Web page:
Children aged five to eight will also be frightened by scary visual images and will also be disturbed by depictions of the death of a parent, a child abandoned or separated from parents, children or animals being hurt or threatened and / or natural disasters.

Children in this age group may also be upset by the above-mentioned scene

Aged eight to thirteeninfo

Children aged eight to thirteen are most likely to be frightened by realistic threats and dangers, violence or threat of violence and / or stories in which children are hurt or threatened.

Nothing of concern

Over thirteeninfo

Children over the age of thirteen are most likely to be frightened by realistic physical harm or threats, molestation or sexual assault and / or threats from aliens or the occult.

Nothing of concern

Product placement

None of concern

Sexual references

There are some sexual references in this movie, including:

  • In order to tease Dolly’s sister Kitty, Joseph says while sitting with others at the dinner table “I’m told Peter has a tattoo. It’s up to you (Kitty) to find it for us”. Kitty’s mother tells Joseph not to be disgusting.
  • During the climax of the film, Joseph reveals to the wedding guests that the reason Dolly rushed to marry Owen is that she is pregnant and that the baby could be his. 

Nudity and sexual activity

There was limited sexual activity in this movie, including:

  • There are two passionate kisses between Dolly and Joseph; one takes place in flashback, while the other is on Dolly’s wedding day.

Use of substances

  • As the film takes place on the day of Dolly’s wedding, everyone appears to be drinking socially. One woman states “I need a drink”, and her husband replies “You’re fond enough of that”. At another point, two women discuss a man named Tom, who was apparently “as drunk as a skunk”.
  • When Joseph arrives at the house, he gives a small package to an eight-year-old boy, stating “They’re homemade, so the strength may vary, one every two hours, preferably at meal times.”
  • While getting ready for her wedding upstairs, Dolly drinks from different bottles in an effort to calm her nerves.
  • People smoke cigarettes and cigars.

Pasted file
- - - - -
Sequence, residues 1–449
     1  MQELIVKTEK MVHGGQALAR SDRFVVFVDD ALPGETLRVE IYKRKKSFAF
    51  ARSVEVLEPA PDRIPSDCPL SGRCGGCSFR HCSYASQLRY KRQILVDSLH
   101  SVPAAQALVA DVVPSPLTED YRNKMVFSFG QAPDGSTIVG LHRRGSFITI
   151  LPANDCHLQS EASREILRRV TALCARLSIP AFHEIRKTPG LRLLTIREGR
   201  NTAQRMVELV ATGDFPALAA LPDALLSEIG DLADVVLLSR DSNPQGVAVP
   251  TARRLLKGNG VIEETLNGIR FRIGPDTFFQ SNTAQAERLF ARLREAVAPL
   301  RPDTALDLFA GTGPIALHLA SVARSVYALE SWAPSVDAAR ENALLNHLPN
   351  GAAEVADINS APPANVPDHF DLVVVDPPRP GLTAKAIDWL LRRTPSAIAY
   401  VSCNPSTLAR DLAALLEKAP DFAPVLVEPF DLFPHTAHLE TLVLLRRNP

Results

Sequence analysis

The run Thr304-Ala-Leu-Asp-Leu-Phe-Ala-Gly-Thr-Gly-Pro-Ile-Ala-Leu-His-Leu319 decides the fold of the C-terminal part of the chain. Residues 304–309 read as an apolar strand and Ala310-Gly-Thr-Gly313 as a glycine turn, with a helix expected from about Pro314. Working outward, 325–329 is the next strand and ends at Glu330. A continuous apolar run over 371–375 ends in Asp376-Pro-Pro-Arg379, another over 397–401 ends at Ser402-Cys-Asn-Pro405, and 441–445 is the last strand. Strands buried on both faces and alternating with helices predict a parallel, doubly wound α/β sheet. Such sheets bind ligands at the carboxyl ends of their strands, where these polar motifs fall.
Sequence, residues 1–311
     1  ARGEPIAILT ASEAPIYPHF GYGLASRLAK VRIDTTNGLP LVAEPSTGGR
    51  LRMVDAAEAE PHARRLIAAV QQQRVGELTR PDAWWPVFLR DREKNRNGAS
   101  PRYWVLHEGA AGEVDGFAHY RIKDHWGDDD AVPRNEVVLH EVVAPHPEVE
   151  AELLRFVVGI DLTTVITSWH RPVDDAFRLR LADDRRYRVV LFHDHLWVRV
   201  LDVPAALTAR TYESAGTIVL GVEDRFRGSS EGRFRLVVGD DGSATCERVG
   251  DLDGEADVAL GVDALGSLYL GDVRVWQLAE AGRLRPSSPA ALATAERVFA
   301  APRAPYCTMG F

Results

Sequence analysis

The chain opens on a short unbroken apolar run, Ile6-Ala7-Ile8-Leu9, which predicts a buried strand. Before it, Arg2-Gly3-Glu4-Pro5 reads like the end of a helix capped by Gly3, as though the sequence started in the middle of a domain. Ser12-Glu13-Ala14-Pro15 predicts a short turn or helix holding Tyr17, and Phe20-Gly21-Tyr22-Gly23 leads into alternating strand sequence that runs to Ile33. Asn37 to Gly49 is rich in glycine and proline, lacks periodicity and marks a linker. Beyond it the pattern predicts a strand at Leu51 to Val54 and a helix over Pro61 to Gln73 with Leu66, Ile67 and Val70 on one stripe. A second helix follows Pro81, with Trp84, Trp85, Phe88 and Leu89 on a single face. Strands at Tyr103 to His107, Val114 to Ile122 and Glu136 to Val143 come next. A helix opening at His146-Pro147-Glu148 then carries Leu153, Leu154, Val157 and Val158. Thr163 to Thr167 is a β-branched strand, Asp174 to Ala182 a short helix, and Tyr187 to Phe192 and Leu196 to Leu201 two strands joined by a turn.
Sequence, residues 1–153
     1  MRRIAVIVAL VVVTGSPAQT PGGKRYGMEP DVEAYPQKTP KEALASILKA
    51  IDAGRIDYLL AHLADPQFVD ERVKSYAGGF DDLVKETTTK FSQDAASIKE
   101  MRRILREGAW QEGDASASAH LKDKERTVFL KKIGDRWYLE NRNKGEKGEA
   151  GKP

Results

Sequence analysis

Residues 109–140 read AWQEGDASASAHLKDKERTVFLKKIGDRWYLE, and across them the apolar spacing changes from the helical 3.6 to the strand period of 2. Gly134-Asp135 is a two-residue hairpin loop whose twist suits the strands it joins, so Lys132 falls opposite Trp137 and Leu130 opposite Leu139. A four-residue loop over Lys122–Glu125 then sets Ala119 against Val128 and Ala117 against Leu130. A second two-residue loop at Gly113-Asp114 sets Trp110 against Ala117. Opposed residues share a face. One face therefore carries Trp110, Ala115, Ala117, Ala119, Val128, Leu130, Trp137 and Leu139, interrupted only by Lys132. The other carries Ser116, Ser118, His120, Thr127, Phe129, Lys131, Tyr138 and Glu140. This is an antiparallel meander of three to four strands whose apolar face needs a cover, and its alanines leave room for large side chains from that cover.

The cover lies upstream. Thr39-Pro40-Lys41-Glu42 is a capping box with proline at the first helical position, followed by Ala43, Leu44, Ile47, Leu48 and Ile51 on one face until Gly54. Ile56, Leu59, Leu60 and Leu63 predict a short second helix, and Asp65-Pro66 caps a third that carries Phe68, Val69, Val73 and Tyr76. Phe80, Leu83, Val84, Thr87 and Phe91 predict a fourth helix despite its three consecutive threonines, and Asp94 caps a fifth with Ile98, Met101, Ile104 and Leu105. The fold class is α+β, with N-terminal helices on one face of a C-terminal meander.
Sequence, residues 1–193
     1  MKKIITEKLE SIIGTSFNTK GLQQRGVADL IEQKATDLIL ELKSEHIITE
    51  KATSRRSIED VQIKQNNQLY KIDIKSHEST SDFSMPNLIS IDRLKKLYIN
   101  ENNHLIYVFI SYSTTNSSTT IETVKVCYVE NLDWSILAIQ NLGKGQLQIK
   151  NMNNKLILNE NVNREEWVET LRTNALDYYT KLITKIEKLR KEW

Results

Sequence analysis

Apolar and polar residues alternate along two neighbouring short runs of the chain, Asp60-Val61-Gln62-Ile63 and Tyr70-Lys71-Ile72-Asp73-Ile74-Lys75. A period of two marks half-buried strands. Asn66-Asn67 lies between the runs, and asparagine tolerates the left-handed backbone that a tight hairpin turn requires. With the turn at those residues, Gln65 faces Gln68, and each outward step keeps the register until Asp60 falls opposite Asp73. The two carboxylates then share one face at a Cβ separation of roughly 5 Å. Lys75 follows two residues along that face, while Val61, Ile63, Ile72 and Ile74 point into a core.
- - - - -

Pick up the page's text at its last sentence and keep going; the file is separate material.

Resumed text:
Coarse language

None of concern

In a nutshell

Cheerful weather for the wedding is a quintessentially British film dealing with questions of love, obligation and sacrifice. It presents a young woman’s struggle to decide between the man she previously loved and who broke her heart, and her safe and financially stable fiancé for whom she feels very little passion. The film demonstrates that this is not an easy decision to make. It suggests that following her heart and choosing her ex-partner would be an ultimately foolish act. However, at the same time, the film depicts the importance of not running away from one’s problems. Dolly has rushed into a marriage in an effort to deal with both a broken heart and a pregnancy. As a result, she is dealing with the consequences of her actions, just as she will need to deal with the consequences of her choice between the two men in her life.

Although there is little in this film to disturb young children, its theme makes it more suitable for teenagers and adults, and it lacks interest for under 12s.

Issues arising from the film that parents may wish to discuss with older children include:

  • The complex nature of romantic relationships, and Dolly’s dilemma and final choice.
  • The nature of family obligations and social class, the impact they have on individual people and how this has changed since the time in which the film is set.
  • Using alcohol to deal with emotional stress.